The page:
Jones just misses medal in first UCI Esport World Championships

Road & Track
Mens results 2 v2

Canterbury cyclist Ollie Jones pushed so hard that blew up his trainer in the final sprint of the inaugural UCI Zwift Esport World Championship this morning.

Jones finished fourth in the Esport event with he and World Tour professional Ella Harris representing New Zealand at the first-ever world championship in the fast-developing world of online racing which has boomed since the advent of the coronavirus. Harris finished mid-pack in 29th place in the event won by Ashley Moolman Pasio from South Africa.

Jones and Harris became prominent in this form of the sport after both won the Zwift Academy global competition which earned them a one-year professional road contract.

Harris has gone on to become a key fixture in the Canyon SRAM World Tour team, and has only just left isolation back in New Zealand after a challenging year in Europe including breaking her femur during a training ride in Italy.

Jones, an integral member of Canyon’s Zwift Racing team, had prepared well for the 50km online event after his Canyon Esports won the inaugural round of the Zwift Pro Series while he also competed on the road in the Tour of Southland.

The esport race was progressing well for the Christchurch rider, given he had to race in the early hours of the morning, sitting in the lead bunch approaching the final climb to the finish.

“With about 40m to go the trainer that we were all sent, which transmits the power information to Zwift, just blew up,” Jones told Newstalk ZB.

“It overheated and was reading no power. My last 50m of the race was just on momentum. So fourth place I am really happy with but I am rueing what might have been otherwise.

“We were on the final climb which was a 1min 25secs sharp effort at the end and when you came around the last corner with 200m to go it flattened off. That where I was starting my sprint for the line. We had a bunch of 40 at the bottom of the climb but it was strung out a bit. Rounding that last corner there was one guy with a two-second gap and then a group of six or eight of us in contention for the podium.

“The last section was all above 800 watts. When you are doing that for more than a minute, I guess it builds up quite a lot of heat in the trainer.”

Jones said he enjoys mixing racing on the road with the indoor trainer races online.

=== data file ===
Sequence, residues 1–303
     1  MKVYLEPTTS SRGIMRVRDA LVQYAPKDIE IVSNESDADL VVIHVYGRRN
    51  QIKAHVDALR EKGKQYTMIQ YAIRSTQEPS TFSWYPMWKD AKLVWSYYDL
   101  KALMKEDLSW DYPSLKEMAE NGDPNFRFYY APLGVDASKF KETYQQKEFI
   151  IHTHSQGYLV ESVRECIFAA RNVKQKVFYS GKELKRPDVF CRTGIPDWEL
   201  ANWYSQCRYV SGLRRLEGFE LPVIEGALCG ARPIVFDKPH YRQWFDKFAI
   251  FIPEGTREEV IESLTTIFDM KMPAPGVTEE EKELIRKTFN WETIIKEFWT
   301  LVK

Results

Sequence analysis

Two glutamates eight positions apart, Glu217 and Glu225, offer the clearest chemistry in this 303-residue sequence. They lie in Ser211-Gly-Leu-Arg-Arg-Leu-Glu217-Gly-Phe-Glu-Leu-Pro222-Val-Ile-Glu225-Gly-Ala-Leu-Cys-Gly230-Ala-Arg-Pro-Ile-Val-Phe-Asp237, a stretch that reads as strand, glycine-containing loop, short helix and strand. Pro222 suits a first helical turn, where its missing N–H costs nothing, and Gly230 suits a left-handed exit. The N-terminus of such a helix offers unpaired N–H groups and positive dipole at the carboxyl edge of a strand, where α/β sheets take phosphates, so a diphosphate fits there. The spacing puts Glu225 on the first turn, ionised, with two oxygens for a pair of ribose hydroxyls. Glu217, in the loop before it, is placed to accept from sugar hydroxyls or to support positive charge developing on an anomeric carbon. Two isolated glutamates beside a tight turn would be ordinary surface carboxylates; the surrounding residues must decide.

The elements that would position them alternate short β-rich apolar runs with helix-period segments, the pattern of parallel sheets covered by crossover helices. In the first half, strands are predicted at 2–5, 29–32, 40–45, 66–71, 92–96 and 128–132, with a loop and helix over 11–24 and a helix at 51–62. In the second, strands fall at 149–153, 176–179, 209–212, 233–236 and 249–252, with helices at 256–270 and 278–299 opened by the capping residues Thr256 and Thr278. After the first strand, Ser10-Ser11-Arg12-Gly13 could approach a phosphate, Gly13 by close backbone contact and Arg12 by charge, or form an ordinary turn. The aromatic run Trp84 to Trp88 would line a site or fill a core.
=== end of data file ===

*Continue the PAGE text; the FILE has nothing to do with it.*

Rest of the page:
“The Zwift races are a lot shorter. Most of the road races I do are around the 150km mark so a Zwift race at only 40 or 50km is a lot different. In a road race you have time for a break to get up the road and get your team together, come up with the tactics and bring it back. But in Zwift it is a lot more intense and you don’t get that sort of gap so you keep it together a lot more.

“I was the only kiwi in the race and there were teams of up to eight riders like the Belgium team. I did not have to do much and was more reactive than proactive and I could use my energy a lot more effectively.”

Jones will prepare for the next series of the Zwift Pro Series starting next month while he is targeting the Vantage National Road Championships in Cambridge in February.

In the women’s race, Moolman Pasio attacked from a front group of 25 riders at the base of the final climb to the finish and then held off Sarah Gigante of Australia to take the win by digital inches.

Moolman Pasio, who is set to join the SD Worx team in 2021, said she had spent the last five weeks preparing for the race. She took three weeks off after the Tour of Flanders and then began training specifically for this event.

Results: Men: Jason Osborne (Germany) 1:05.14, 1; Anders Foldager (Denmark) at 2sec, 2; Nicklas Pederson (Denmark) same time, 3; Ollie Jones (New Zealand) at 3s, 4.

Women: Ashley Moolman Pasio (South Africa) 1:13.27, 1; Sarah Gigante (Australia) at 1s, 2; Cecilia Hansen (Sweden) same time, 3. Also: Ella Harris (New Zealand) at 1:44, 29.

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